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    \$\begingroup\$ @Medix2 My recommended rate for edits like that is around 6 or so at a time. But really any amount that doesn't flood the front page is fine. So long as new questions and answer are still getting attention it isn't a problem. \$\endgroup\$ – linksassin Nov 21 '19 at 23:20
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Burninate it.

Per our help center:

What are tags, and how should I use them?

A tag is a word or phrase that describes the topic of the question. Tags are a means of connecting experts with questions they will be able to answer by sorting questions into specific, well-defined categories.

Tags can also be used to help you identify questions that are interesting or relevant to you.

“Action economy” accomplishes none of the listed purposes: it does not connect experts with questions, it does not sort questions into a well-defined category, and it is not useful for finding interesting questions.

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    \$\begingroup\$ This answer fails to establish it's main premise. Why isn't it a well-defined category or connect experts with questions? Simply stating that it doesn't isn't a good answer. You need to explain it. \$\endgroup\$ – linksassin Nov 21 '19 at 23:22
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    \$\begingroup\$ @linksassin I hear what you are saying and that’s a reasonable point, but I’m not sure how to go about proving a negative. \$\endgroup\$ – fectin - free Monica Nov 22 '19 at 0:35
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    \$\begingroup\$ Just explaining why you feel this way would be a good start. In my answer I tried to argue how it was different to the actions tag. If you were to draw comparisons to other tags maybe or explain how it is not well defined. Personally I think you will struggle since I disagree with your premise, but I would be interested to see a well supported argument against the tag. \$\endgroup\$ – linksassin Nov 22 '19 at 2:32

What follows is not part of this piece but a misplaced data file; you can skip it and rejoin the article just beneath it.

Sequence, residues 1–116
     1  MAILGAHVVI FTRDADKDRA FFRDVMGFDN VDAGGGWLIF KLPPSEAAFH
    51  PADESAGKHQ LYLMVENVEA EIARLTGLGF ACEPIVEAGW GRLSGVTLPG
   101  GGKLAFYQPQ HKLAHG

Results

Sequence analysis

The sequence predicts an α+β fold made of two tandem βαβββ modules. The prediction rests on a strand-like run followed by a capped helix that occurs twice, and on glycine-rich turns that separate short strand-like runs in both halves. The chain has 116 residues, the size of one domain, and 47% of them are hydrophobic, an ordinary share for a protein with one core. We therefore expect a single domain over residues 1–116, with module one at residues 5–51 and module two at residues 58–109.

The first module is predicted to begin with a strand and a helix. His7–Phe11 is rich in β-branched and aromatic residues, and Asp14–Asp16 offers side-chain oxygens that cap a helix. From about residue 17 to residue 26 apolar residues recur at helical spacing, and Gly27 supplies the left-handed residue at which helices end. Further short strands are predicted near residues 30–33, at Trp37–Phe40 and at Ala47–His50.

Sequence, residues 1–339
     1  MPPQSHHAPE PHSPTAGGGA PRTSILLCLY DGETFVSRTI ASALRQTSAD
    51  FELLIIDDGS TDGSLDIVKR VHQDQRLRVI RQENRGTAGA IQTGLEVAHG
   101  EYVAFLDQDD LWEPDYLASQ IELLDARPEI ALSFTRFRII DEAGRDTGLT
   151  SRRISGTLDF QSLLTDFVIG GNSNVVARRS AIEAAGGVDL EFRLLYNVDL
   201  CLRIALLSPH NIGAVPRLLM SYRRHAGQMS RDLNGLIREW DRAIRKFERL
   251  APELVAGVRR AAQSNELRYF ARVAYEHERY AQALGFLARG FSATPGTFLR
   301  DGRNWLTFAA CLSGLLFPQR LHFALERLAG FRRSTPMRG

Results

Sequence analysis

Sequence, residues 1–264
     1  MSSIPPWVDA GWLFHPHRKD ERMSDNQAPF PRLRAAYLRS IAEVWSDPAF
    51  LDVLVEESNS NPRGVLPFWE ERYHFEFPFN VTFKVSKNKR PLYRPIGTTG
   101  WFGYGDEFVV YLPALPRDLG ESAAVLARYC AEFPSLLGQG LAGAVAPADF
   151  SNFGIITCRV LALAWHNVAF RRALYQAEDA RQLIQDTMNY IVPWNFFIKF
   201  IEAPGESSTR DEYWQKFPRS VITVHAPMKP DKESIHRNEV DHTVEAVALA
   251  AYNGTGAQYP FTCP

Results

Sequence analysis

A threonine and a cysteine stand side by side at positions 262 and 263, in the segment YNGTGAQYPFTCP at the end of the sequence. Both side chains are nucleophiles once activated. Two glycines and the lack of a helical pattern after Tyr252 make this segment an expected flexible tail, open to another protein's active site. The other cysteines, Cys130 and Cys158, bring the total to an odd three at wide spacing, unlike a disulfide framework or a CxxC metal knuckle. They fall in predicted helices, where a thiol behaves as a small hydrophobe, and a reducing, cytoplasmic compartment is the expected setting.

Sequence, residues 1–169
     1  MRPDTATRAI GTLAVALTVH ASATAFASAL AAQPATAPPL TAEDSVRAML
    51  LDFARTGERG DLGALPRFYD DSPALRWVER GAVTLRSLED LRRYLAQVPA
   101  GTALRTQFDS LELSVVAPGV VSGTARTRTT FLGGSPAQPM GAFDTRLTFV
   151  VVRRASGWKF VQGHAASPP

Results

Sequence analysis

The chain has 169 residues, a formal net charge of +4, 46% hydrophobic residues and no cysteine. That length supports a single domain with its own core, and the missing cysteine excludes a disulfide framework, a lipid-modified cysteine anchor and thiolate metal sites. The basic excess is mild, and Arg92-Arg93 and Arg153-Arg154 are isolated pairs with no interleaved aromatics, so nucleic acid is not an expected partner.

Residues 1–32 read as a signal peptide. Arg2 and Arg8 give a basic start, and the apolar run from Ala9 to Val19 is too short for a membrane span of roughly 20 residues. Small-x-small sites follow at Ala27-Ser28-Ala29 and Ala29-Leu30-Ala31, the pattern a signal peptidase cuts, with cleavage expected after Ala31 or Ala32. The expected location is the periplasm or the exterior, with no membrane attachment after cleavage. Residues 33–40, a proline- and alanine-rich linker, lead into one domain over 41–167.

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While action-economy is a subset of actions, it is a very specific subset that, at least in D&D, has a really important role in how the game is played.

Action-economy is about how to do more things in a round than the game would mandate. It is about why we don't pit big, lonely monsters against a party of 6. It is about balancing a game, it is about strategies and tactics.

Actions in general is more often about what one can do with one action, or what kind of action it is to perform a certain act in the game. It is about the rules of the game, it is about mechanics.

So, those two environments feel really different to me. Let's keep them both.

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Synonymize it away

Action economy isn't a distinct topic from actions in general, so doesn't need to exist on its own and should so just be a synonym of .